Heading back to the showfloor, people started coming by our booth. Their initial reactions were usually first, intrigue, then confusion. Anonymous social networking, without user registration seemed to be a hard concept to grasp after Jared Cohen just told everyone that data is the new oil — Tokumei is designed to deliberately strip away any metadata which may possibly identify a poster, including the time at which a post is made. Some people got it, many people didn't.
Prior to this conference, Kyle and I had only really demonstrated and explained Tokumei to fellow developers. I gave a presentation at the University of Guelph, which got the attention of some of my professors and eventually landed me a job. However, the typical, slightly scattered/unstructured pitches that we were used to delivering had to be refined over the course of the day to better suit the crowd. While many exhibitors were showcasing tech, and the opening talks were fairly tech focused, it was clear that the business crowd on the floor needed a different approach, and a different pitch.
Eventually we got the hang of it, and people started taking our cards (and our stickers!).
May 16: Day two
I got ready in the morning, ensuring to wear my more casual, far more comfortable shoes, and swapped my dress pants for skinny jeans. Rather than half-assing an attempt at professionalism as I had on the first day, I decided to dress more like myself. Turns out that skate shoes, skinny jeans, a graphic tee, and a blazer is a good look.
Dressed more like a developer, less like a child in business clothes, and ready for another day of pitches, I took a stab at Toronto transit with Kyle. The fare boxes were offline, and the software running them appeared to have segfaulted — as a result, we got free transit fare. Nice.
A lot more people came by our booth the second day. I'm not sure if this is because there were more attendees, or if it's because our neighbouring booths never showed up for the second day, or if it's because I looked less like a zombie. Perhaps it was a combination of all three. Anyway, we saw a lot more traffic, talked to a lot more people, and gave away a lot more cards and stickers.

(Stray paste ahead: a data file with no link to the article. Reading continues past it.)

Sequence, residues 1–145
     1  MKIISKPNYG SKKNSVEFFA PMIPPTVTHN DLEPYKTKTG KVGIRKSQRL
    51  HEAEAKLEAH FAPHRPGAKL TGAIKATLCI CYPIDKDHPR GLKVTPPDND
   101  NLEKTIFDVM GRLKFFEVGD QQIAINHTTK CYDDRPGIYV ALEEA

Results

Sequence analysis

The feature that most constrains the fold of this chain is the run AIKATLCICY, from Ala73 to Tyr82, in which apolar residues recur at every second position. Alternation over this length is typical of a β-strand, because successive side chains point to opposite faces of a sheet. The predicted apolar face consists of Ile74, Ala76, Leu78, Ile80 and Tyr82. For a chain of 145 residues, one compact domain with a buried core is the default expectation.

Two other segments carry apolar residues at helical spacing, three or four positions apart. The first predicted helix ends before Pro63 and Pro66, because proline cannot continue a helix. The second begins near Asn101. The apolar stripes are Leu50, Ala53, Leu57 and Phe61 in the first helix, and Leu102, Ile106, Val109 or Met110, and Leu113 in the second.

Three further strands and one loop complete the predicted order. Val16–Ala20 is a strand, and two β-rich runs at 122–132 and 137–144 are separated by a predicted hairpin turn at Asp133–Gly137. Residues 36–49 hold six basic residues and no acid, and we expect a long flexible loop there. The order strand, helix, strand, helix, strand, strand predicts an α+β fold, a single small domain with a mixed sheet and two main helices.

The conference provided a pretty nice lunch, even though they tried to serve me chicken twice (I had a vegetarian meal card!) and some nice people sat with us (though we didn't really say much). Discovery took this opportunity to give more keynotes, this time focusing more on clean tech, closed-loop systems, and sustainable practises. Gina McCarthy (former EPA under President Obama) assured us that despite current government in the south, Americans maintain strong environmental policy — I am not sure I believe her however.
When traffic slowed down, Kyle and I took an opportunity to explore the rest of the conference, amassed a good collection of stickers from other tech companies, and returned to our booth to find that we were nearly our of our own stickers.
Surprisingly, our Tokumei-chan stickers (of which we ordered the least) were the most popular. We had none left by the late afternoon. I guess people prefer anime girls to edgy looking eagles.
When we left the conference, the tram fareboxes were still broken, so we rode back to our dorms free of charge thanks to whatever terrible Java application that failed to recover on those machines. Overall the conference was a good experience — I met a lot of neat people, had a fair bit of fun, got to polish my pitching and communication skills in front of an audience of non-developers, and advertised my first software product that has the potential for commercial viability.
"You have to do it right, and you have to do it based on science."
— Dr. Gina McCarthy (on the subject of climate change, and clean tech)
"Blow up your dad" (sic)
— OCE Discovery closed captioning
People like beer; if you are planning on running a large event like a conference, consider giving out free beer (or secretly including it in the ticket price).
Make cool things so that people will pay for you to go places.
Erase preconceptions, because people can and will surprise you.
Always show up early, because you never know have much paper, tape, and string you might need to buy last minute.
Hey, China-Canada Angels Alliance, your 30-second looping video on the loudest possible volume setting? Really great way to piss off your neighbours.
500 business cards is too many cards.